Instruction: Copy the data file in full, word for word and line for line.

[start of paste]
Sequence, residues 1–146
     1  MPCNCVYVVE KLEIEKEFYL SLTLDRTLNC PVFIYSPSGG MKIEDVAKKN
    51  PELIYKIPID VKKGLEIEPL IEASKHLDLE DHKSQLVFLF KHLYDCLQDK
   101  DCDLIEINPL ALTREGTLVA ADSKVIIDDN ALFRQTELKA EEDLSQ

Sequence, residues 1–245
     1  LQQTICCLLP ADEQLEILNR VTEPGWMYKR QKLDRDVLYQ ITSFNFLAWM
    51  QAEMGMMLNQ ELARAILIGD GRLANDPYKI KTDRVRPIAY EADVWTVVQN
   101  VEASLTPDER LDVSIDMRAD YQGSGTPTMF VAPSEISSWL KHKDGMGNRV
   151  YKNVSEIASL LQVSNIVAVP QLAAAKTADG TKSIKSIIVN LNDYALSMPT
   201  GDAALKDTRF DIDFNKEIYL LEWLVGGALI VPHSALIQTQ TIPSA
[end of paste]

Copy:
Sequence, residues 1–146
     1  MPCNCVYVVE KLEIEKEFYL SLTLDRTLNC PVFIYSPSGG MKIEDVAKKN
    51  PELIYKIPID VKKGLEIEPL IEASKHLDLE DHKSQLVFLF KHLYDCLQDK
   101  DCDLIEINPL ALTREGTLVA ADSKVIIDDN ALFRQTELKA EEDLSQ

Sequence, residues 1–245
     1  LQQTICCLLP ADEQLEILNR VTEPGWMYKR QKLDRDVLYQ ITSFNFLAWM
    51  QAEMGMMLNQ ELARAILIGD GRLANDPYKI KTDRVRPIAY EADVWTVVQN
   101  VEASLTPDER LDVSIDMRAD YQGSGTPTMF VAPSEISSWL KHKDGMGNRV
   151  YKNVSEIASL LQVSNIVAVP QLAAAKTADG TKSIKSIIVN LNDYALSMPT
   201  GDAALKDTRF DIDFNKEIYL LEWLVGGALI VPHSALIQTQ TIPSA